Get on the river:
With Nautipicnics you can drive your own boat without a Skippers Ticket and have a picnic on the boat, or the riverbank, or let someone else drive the boat with the Little Ferry Company and enjoy watching the life of the river.
This great lake in Kewdale gets the award for the best named park. There’s grass, water, playground, bbqs, trees, cafe and a one mile walk that includes a boardwalk, elevated over the lake that leads you to a gazebo.
Picnic spots are hidden treasures because the environment around you plays the role of a stage in a play. It’s just a setting for you to perform the way your family likes to, creating memories of a great day out. It might be about the trees or the lake or the sweeping views, but most likely, it’s about time spent together with your family’s member of the most amazing club in the world, mums.
One of the wonderful things about any travel is the discovery. From a little café in your neighbouring suburb to being in the right place at the right time for an event while you’re overseas. All travel presents opportunities for excitement, it may even be on the pool lounge or restaurant table right next to you.
We thought for Hidden Treasures on ABC Perth Saturday Breakfast we’d talk about taking your travel experience to the next level by meeting someone famous. We also took calls from listeners on their encounters and tips on how to behave when you see or meet a famous person.
Our great leg spinner, Shane Warne, once said that he got irritated if he saw someone sneak a photo but he never said no to anyone who asked for a photo.
Have you ever had the courage to speak to someone famous?
When we did Hidden Treasures about the suburb of Highgate, I saw Dennis Cometti sitting in a café. I walked up to him and said from an appropriate distance, “Excuse me Mr Cometti, could I please have a minute of your time?”.
I explained who I was, abbreviating my life story and not mentioning Narrogin once, and asked if I could mention him on Hidden Treasures and perhaps take a pic. Maybe it was my approach, maybe it was his character, but it was a wonderful conversation which I really valued.
I’ve got a few examples of where I’ve met people and more than that, they’re examples of meeting people in different places.
Terry Alderman: On a flight to Bali and I shared my red frogs with him as his ears were playing up a bit. I played it cool and wanted to let him know how I felt in 1989 listening late at night on the radio as he took all those wickets in England but I didn’t, I just shared my lollies.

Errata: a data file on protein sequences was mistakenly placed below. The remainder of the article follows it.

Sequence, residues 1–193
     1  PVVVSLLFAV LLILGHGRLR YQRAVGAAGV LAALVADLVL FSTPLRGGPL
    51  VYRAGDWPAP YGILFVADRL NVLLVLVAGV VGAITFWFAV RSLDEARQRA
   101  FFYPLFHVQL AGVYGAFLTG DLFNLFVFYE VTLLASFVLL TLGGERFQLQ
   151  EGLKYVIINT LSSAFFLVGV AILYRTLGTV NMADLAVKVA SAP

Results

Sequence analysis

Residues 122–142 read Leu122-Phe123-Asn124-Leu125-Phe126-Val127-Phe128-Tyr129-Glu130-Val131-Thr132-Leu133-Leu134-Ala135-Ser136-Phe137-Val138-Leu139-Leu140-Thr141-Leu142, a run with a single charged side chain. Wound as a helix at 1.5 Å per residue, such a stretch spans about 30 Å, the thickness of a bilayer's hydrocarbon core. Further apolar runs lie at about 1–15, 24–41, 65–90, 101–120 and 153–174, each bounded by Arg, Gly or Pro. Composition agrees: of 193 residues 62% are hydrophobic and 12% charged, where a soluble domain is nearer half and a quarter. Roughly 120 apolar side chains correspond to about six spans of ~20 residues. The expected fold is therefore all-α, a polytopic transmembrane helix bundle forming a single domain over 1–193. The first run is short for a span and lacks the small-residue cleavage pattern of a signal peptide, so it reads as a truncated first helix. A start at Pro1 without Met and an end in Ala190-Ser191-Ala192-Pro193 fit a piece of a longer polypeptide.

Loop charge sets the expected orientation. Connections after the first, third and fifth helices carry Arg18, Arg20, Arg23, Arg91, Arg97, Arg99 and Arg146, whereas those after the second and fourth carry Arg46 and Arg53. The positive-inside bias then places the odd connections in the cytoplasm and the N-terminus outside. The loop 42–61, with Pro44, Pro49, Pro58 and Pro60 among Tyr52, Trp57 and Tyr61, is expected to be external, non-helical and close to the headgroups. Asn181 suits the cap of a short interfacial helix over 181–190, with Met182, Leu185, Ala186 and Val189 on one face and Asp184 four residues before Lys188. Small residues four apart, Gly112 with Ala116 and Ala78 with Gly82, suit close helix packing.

Visiting the Vatican and timing it as Pope John Paul II came out for a test drive of the new Pope-mobile. I was within three metres of one of the holiest men in the world and top of the pops for his religion. We didn’t talk but I didn’t expect when I went to Rome that I would see the Pope and have photos to prove it.
At a resort in Phuket over the course of a few days by the pool and the swim up bar I got chatty with footy players Tony Shaw and Heath Shaw who, as a big family group, were happy to chat. I found they were interested in my stories, it didn’t have to be about them. I think the trick with these sort of encounters is taking the opportunity to retrieve a badly thrown ball and throw it back accurately and be invited to join in.
I always tell my kids to use every minute and take every opportunity, like this one with Mark!
This is one of Tom’s greatest stories but he’s hearing the truth for the first time this morning. We were travelling together to report on the opening of one of Bali’s most incredible resorts as guests of the resort. It wasn’t busy so it was odd when a man sat on the pool lounge next to us, put together a steam punk cigar holder and started chuffing right next to us. What happened next was remarkable. It was Wouter Adrianus Van Loon from the Netherlands! If you want to know more you’ll need to send me a message!
For those of us who love London, there’s a lot to love. But. On a wintry day I was waiting to cross the road and remarked to my wife Rebecca, “It’s all so grey. The sky is grey. The buildings are grey. The road is grey.” I hear a noise of disgust, look across and see a look of disgust on the face of … Joanna Lumley. She wasn’t impressed with my observations.
Matilda and I were on the Abrolhos Islands and had just finished exploring the waters of Turtle Bay on East Wallabi Island. We were walking along the beach looking for flotsam and jetsam (remember what that is?) when we heard a call for help. We quickly made our way to where a couple of jet skis and their riders were stuck fast on the beach. Who was one of the riders and who allowed me to write about it in a story for the West Australian newspaper? It was the Minister for Foreign Affairs, Julie Bishop!
Whether it’s taking a selfie, having a chat or just having an encounter, famous people are a hidden and unexpected treasure because they create an experience you didn’t expect and give you a story to tell, embellished or just as it is.
There’s a lot to think about on ANZAC Day and the ANZAC Day long weekend. We thought for Hidden Treasures on ABC Perth Saturday Breakfast we would look at some of the sites around Perth and Western Australia that you can visit to remind you of the ANZAC story.